Personal loans are a realistic solution

In 2017, 77 percent of newly manufactured homes were designated as personal property rather than real estate. You can’t finance personal property with a mortgage.

So the owners of those may have used personal loans if they needed financing.

Personal loans have a big advantage over mortgages: the lender has zero interest in, or control over, the home. That’s because you’re not “securing the loan” (giving the lender permission to foreclose or repossess if you default) using real property. Instead, you’re borrowing the money on the basis of your signature alone. So you can use the proceeds for any purpose you want. The lender doesn’t care.

That lender will, however, care very much about getting its money back. It’s going to want to make sure you’re a good borrower. So it’s going to check your credit report and score. And it’ll want to verify your income and financial situation to be sure you can afford the monthly payments. You’ll also need to be age 18 or over and have a valid social security number.

Other important advantages of personal loans over mortgages are that they’re typically cheap or free to set up. No costly title, escrow, or appraisal fees. Lender fees are typically a lot lower.

And that you get the money much sooner: usually within a week and often within 24 hours.

Are personal loan amounts enough to finance a manufactured home?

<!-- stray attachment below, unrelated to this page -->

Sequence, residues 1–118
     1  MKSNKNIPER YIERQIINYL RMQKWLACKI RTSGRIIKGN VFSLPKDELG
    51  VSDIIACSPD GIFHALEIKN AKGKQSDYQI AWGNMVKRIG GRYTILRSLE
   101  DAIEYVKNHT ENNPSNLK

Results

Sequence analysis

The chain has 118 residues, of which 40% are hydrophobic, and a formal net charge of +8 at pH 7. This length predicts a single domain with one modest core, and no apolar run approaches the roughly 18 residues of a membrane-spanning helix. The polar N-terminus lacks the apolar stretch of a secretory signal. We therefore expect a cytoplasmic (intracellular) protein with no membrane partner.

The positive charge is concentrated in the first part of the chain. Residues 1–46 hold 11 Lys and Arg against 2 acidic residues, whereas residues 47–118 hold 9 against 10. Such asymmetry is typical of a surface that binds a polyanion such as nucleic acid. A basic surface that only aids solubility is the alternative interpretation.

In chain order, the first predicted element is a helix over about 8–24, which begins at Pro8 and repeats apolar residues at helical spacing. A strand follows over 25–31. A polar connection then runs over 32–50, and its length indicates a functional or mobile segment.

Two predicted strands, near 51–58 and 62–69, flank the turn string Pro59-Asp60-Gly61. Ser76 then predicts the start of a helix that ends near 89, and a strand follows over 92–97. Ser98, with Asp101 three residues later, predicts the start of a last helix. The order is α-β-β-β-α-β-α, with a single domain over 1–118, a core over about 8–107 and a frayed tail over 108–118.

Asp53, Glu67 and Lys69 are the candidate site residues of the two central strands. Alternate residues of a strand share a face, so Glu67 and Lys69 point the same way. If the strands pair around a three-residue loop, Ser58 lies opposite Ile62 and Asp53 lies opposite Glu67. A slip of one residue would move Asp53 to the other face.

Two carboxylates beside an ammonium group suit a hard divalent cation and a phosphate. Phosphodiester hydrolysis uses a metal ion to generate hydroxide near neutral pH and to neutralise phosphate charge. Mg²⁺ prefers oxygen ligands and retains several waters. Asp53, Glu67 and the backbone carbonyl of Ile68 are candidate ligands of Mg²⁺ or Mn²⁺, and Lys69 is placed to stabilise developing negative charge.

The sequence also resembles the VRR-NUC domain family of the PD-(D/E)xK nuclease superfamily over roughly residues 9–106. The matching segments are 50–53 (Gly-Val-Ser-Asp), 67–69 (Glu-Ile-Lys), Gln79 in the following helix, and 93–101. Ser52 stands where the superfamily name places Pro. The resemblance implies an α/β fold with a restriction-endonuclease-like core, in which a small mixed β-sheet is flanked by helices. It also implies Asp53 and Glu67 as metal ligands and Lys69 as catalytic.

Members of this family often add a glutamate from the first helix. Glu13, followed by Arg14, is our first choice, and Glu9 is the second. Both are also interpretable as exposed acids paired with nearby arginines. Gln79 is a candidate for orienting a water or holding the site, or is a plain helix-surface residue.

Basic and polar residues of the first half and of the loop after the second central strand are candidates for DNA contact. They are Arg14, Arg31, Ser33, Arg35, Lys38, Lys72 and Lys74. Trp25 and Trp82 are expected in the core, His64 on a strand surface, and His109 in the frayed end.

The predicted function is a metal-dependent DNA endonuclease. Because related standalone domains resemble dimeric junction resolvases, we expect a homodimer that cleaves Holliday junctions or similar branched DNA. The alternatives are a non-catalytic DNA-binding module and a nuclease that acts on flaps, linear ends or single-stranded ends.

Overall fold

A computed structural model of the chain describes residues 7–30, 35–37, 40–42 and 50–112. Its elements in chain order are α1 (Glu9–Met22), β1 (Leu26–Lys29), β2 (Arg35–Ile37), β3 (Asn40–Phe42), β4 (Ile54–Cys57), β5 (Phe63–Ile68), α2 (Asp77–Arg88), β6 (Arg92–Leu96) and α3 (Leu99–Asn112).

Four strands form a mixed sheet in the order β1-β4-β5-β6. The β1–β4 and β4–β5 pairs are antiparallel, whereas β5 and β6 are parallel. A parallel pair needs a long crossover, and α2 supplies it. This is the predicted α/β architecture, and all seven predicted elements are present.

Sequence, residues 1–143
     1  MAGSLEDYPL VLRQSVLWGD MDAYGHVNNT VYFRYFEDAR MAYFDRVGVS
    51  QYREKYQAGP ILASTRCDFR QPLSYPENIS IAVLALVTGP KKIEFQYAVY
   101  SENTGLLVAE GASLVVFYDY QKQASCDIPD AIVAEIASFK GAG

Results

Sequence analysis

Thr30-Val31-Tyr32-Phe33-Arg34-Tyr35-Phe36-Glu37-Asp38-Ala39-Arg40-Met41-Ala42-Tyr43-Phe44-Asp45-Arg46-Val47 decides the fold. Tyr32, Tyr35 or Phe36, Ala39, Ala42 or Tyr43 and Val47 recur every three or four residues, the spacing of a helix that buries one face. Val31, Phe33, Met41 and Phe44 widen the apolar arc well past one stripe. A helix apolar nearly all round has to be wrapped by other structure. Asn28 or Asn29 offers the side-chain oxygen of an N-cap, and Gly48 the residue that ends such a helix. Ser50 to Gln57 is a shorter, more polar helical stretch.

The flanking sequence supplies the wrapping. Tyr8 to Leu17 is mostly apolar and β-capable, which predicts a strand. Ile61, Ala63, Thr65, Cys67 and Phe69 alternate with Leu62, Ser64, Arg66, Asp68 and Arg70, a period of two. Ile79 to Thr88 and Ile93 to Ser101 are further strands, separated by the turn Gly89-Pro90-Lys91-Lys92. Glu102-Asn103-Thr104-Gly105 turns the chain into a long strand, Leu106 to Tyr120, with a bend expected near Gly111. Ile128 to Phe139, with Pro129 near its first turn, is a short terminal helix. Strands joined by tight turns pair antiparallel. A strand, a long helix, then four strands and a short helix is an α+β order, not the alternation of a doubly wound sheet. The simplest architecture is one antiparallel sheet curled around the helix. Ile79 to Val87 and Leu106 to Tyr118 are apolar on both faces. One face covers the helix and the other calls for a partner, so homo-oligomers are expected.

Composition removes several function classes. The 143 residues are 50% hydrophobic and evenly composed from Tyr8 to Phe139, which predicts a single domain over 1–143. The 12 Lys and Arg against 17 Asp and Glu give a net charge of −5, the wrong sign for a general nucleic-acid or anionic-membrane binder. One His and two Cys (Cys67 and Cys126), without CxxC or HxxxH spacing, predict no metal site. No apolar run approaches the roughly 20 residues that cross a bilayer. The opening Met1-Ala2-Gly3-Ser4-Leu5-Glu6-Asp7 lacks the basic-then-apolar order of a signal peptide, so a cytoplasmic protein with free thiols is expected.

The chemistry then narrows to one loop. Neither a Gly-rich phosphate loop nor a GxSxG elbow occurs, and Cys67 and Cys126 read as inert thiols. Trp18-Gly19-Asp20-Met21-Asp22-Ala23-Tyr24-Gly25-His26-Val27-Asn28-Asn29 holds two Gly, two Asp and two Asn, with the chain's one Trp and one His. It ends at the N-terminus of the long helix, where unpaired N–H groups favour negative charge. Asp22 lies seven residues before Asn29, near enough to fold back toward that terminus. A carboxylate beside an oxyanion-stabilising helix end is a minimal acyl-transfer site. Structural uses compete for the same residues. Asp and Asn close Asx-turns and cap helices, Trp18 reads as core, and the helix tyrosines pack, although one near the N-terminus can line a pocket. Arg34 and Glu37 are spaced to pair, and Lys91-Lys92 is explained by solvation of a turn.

Many lenders will advance up to $100,000 to good borrowers. And that should be enough to buy you a very pleasant manufactured home. The average sales price for a new one of those was $70,600 (excluding land) in 2018, according to the Manufactured Housing Institute. Of course, that covers wide variations in size and you may be able to get a new, smaller (single-width) one for about $40,000.

Naturally, used homes are significantly less costly. Depending on location, size and condition, it may be possible to pick up a bargain for $10,000.

But, if you need to move the home to a different site, you should expect to pay between $1,000 and $10,000, depending on the distance and what’s involved in disconnecting utilities and preparing the home for transportation.

If you want to move one from one end of the country to the other, you could be looking at $25,000. But at that point, you should just find a different manufactured home where you are moving.